The Aleppo Codex: A True Story of Obsession, Faith, and the Pursuit of an Ancient Bible
Matti Friedman’s The Aleppo Codex is not, by his own admission, the book he set out to write. What began as a glimmering of interest evolved quickly into a web of mystery, intrigue, and unanswered questions as Friedman mined the story behind the legendary “Crown of Aleppo”—the oldest authoritative manuscript of the canonized Hebrew Bible, written in the tenth century by a famous scribe, used by the legendary Maimonides while writing the Mishneh Torah, and protected for centuries in the ancient synagogue of Syria’s largest Jewish community. When the Aleppo community began to disperse in the 1940s and ‘50s, after the State of Israel’s founding, the Codex found itself in transit for the first time in thousands of years, leaving its burnt-down sanctuary and traversing the border to Israel. It is here that the story hiccups: Faced with the half-told story of a controversial trial, rumors of missing pages, and hints of political machinations, Friedman uncovers more questions than answers at every turn, adding to his conviction that the book that was once a community’s greatest pride has been ruined by a “conspiracy of silence,” a dearth of reliable information, and intentional ambiguity. Friedman shines as a magnificent and thoughtful storyteller, shifting between time and place with facility, bringing the story of the Codex until 1948 to life and weaving it skillfully with the present and recent past. With Friedman’s crusade at its center, The Aleppo Codex might be an unintentional thriller but it is a great one nonetheless, introducing us to compelling, sometimes shifty characters, and drawing us into the sad story of a relic that was destroyed by the humans entrusted with its care. Thoroughly — even obsessively — researched, Friedman’s book brings to light a wealth of information never made public before. It may not solve the mystery, but it comes pretty close.
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1. At the heart of The Aleppo Codex is a trial over ownership of the codex—but also over who owns Jewish history. Did the State of Israel have a legitimate claim to the manuscript? Should anyone or any group own historical treasures? Can they?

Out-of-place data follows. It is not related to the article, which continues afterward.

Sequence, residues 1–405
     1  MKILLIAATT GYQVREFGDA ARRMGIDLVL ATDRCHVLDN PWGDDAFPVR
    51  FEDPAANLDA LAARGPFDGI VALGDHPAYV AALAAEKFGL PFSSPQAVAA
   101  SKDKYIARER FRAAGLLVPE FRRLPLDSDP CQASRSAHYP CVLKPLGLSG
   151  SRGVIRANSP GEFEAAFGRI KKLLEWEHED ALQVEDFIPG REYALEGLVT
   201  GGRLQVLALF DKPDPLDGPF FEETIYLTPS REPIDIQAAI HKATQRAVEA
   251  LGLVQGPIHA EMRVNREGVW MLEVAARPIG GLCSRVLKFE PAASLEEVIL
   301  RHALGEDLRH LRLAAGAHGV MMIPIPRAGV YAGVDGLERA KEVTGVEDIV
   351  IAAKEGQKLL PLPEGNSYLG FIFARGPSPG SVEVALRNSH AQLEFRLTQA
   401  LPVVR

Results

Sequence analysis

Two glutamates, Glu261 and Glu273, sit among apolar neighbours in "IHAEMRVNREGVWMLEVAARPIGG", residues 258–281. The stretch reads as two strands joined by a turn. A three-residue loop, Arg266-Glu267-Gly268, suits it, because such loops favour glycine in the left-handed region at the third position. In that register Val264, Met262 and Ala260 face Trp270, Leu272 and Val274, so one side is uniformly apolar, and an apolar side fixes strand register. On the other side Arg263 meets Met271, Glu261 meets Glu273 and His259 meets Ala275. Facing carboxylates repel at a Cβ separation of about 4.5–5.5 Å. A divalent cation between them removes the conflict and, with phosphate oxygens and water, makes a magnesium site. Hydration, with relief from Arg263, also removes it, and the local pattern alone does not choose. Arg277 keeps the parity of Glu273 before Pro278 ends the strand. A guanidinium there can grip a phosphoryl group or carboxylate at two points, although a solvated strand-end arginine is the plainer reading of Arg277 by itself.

2. The Aleppo Codex makes mention of the Dead Sea Scrolls and the desert fortress at Masada as potent national symbols. What did the codex symbolize for the new Jewish state? And what role in general did myths and symbols play in the founding of Israel? How is this related to why Israel’s government, and particularly the president, wanted the codex so badly?
3. Why are the Dead Sea Scrolls famous while the Aleppo Codex has been largely forgotten?
4. What can we learn today from the Jews of Arab countries—from their centuries of existence in the lands of Islam, and from their communities' bitter end?
5. One of the historical figures who makes a cameo appearance in The Aleppo Codex is Moses Maimonides, the great physician and philosopher who, perhaps more than any other person, embodied Jewish life under Islam. What importance does Maimonides have for Jewish history?
6. What does it mean that Jews are called the "people of the book" and how does the history of the codex fit into that description?
7. Why is the codex also referred to as the Crown? What purpose did it serve for Jews in the Diaspora?
8. The codex provides the instructions for how to read the Hebrew Bible. Jews believe that there is information in Biblical text that is beyond our understanding. Why is it so important that we not lose even a tiny vowel sign, one that prolongs the syllable “ah” into “aah,” for example?
9. For millennia, Jews have sanctified sacred books and the act of writing and reading them. How will the age of the e-reader affect those traditions?